JOINT BASE CHARLESTON, S.C., –
Airmen from the 437th Aerial Port Squadron are operating with a new personally procured move scale system which went online Sept. 8, at Joint Base Charleston-Air Base.
The scale system is used by service members who have received permanent change of station orders and have decided to move their personal belongings themselves via truck.
"Due to recent changes in regulations regarding personally procured moves, it is now required to have a weight master certify the weight of a truck," said Capt. Douglas Todd, 437th Traffic Management Flight commander. "Under the old system weight tickets were not certified, but now we are in compliance with the new Department of Defense regulations."
When a service member needs to PCS, they have two options; the government moves all of the belongings using a moving company or, get paid to move ones belongings themselves.
Todd said taking the PPM option, pays the service member 95 percent of what the government would have paid to hire a moving company.
"If you don't mind driving a big truck and moving your own stuff, a PPM is a great deal," he said.
After receiving orders to PCS and an initial Traffic Management Office briefing, service members must weigh their moving trucks empty and then full.
The old scale system used a button and printer method to print weight tickets and there was no weight master involved in the process. When the new regulations came out in July the printers were manned with a weight master for five hours a day, Monday through Friday.
Master Sgt. Stephen Wimmer, Traffic Management superintendent, said the new scale system is saving the shop man hours.
"When the new regulations went into effect, we had to man the scale to certify the weight tickets," he said. "This was a full time job for the weight masters who manned the scale because they were out of the office. With the new system, weight masters can certify the weight tickets at the office and continue to do other duties at the same time."
Besides saving on man hours, the scale saves money as well, Todd said.
"To receive a weight ticket for your moving truck off base, it's going to cost you approximately $10 each time," he said. "That $20 come from the service members pockets, but are reimbursable. Using our PPM scale, the government doesn't have to pay an extra $20 each PPM."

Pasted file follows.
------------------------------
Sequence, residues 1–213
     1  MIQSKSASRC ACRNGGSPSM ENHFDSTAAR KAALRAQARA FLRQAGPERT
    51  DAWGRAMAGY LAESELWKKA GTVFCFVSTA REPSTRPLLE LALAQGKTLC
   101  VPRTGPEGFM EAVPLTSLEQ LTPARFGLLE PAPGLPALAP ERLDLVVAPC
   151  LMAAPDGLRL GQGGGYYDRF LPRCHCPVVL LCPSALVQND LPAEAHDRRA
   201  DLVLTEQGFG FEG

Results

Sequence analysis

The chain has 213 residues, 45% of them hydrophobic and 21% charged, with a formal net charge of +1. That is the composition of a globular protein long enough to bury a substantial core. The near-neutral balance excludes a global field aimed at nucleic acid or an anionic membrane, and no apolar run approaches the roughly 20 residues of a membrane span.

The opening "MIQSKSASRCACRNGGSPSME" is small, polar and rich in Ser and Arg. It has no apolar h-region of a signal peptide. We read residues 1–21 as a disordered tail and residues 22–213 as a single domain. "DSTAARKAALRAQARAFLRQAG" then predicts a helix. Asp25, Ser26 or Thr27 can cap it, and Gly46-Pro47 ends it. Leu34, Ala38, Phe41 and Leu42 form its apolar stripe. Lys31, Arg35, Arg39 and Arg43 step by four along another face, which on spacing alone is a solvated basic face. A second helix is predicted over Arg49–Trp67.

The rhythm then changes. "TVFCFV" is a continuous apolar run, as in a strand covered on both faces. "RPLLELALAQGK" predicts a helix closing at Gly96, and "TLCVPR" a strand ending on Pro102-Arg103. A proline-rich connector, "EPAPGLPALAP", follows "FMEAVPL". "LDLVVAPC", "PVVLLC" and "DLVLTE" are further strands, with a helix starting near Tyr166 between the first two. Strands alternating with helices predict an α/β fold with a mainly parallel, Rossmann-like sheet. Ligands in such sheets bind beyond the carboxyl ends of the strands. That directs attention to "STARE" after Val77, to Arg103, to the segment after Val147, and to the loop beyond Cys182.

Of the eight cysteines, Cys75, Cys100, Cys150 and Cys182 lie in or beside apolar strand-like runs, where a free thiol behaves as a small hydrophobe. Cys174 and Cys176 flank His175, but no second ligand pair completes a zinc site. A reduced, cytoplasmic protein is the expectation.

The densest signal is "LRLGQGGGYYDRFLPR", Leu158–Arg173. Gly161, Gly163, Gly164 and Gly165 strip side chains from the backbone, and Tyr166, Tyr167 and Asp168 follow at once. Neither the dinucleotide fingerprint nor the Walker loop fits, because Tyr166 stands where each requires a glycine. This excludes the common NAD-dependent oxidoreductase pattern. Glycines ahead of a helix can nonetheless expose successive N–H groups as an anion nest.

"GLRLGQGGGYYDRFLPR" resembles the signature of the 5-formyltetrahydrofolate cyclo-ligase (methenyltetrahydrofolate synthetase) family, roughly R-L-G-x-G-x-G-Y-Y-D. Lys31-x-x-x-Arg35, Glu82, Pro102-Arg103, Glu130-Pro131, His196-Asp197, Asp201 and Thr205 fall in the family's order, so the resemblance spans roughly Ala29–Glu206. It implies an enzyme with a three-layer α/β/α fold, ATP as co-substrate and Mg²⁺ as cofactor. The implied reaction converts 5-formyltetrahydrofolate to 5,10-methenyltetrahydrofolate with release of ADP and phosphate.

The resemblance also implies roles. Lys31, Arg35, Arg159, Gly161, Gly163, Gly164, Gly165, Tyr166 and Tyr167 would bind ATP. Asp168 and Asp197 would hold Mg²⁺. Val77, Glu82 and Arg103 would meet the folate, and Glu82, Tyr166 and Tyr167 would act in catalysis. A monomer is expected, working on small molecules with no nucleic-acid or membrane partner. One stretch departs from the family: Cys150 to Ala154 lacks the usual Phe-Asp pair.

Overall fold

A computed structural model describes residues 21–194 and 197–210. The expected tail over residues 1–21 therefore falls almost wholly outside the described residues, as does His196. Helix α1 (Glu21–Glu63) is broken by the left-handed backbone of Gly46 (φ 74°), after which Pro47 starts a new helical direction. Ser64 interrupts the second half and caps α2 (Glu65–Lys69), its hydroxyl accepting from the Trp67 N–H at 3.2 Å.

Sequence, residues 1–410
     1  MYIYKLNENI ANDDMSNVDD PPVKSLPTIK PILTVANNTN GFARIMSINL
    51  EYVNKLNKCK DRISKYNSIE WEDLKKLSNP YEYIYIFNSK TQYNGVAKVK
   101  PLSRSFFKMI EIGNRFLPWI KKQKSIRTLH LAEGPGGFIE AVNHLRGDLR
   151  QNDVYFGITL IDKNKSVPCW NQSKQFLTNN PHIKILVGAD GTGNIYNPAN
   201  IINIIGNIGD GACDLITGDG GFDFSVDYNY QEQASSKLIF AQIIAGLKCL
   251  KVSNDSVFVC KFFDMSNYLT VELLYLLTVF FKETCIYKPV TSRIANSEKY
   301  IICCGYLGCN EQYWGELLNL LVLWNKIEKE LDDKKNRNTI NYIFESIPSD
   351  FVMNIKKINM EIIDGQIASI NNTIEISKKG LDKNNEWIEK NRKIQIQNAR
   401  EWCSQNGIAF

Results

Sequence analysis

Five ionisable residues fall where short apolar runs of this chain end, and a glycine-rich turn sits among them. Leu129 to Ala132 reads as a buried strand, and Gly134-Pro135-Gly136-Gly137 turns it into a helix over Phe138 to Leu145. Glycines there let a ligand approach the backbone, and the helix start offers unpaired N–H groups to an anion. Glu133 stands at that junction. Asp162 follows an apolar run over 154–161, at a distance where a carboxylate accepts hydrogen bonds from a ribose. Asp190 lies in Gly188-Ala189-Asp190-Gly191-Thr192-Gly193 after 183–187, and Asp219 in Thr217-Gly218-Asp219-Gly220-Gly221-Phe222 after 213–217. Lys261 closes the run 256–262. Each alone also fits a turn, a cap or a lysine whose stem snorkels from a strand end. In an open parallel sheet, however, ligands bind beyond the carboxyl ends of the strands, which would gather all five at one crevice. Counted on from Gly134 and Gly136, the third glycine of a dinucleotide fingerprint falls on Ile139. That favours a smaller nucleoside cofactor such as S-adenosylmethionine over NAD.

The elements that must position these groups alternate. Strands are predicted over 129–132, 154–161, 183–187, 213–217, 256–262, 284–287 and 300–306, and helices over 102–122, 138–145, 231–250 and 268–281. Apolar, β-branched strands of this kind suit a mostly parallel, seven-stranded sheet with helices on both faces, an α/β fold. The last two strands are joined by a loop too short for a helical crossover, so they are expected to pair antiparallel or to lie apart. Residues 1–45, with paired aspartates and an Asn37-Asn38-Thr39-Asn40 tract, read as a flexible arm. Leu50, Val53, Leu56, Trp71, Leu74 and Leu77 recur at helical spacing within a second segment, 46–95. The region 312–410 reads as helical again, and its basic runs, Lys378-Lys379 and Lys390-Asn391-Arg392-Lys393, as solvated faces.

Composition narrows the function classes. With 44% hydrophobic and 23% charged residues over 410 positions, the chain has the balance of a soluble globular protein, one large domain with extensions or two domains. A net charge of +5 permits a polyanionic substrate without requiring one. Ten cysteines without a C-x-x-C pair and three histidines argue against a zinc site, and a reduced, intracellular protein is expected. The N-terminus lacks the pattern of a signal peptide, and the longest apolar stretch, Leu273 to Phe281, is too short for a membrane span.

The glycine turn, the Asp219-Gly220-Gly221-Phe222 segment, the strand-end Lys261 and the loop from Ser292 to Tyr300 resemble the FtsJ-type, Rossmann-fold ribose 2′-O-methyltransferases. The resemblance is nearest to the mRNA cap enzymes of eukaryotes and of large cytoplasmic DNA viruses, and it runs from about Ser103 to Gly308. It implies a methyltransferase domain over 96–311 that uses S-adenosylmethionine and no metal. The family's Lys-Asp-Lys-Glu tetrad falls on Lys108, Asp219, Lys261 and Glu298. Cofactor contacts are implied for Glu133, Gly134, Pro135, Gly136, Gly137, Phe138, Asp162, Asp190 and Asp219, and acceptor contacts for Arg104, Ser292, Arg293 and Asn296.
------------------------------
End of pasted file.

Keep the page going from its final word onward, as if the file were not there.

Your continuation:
Airman 1st Class Veronica Leone, a package and crate specialist from the 437th Traffic Management Flight, said the new scale system procedure takes little time to complete.
"When the user pushes the button, a notification is sent to the scale machine in the office," she said. "We then ask the person if their truck is empty or full. We certify the ticket and the user comes into the office to pick it up. The whole process takes approximately two minutes to complete."
The PPM scale is located on Bates St. parallel to the flight line and is open Monday - Friday from 7 a.m. to 4 p.m.
The scale is also used for "other scenarios," Todd said.
"The PPM scale is also used for checking the weight distribution of a vehicle which will be loaded onto an aircraft," he said. "The scale can measure the weight of a vehicle by axle and is critical to the distribution of an airframe."
Besides certifying weight tickets, the 437th Traffic Management Flight is responsible for the processing of more than 12,000 passengers and 2,500 PPMs annually from all JB CHS personnel. Subdivisions in the flight include moving cargo which comes back from deployed locations and packaging and crating parts for shipments.
For more information on Personally Procured Moves, call 963-2253.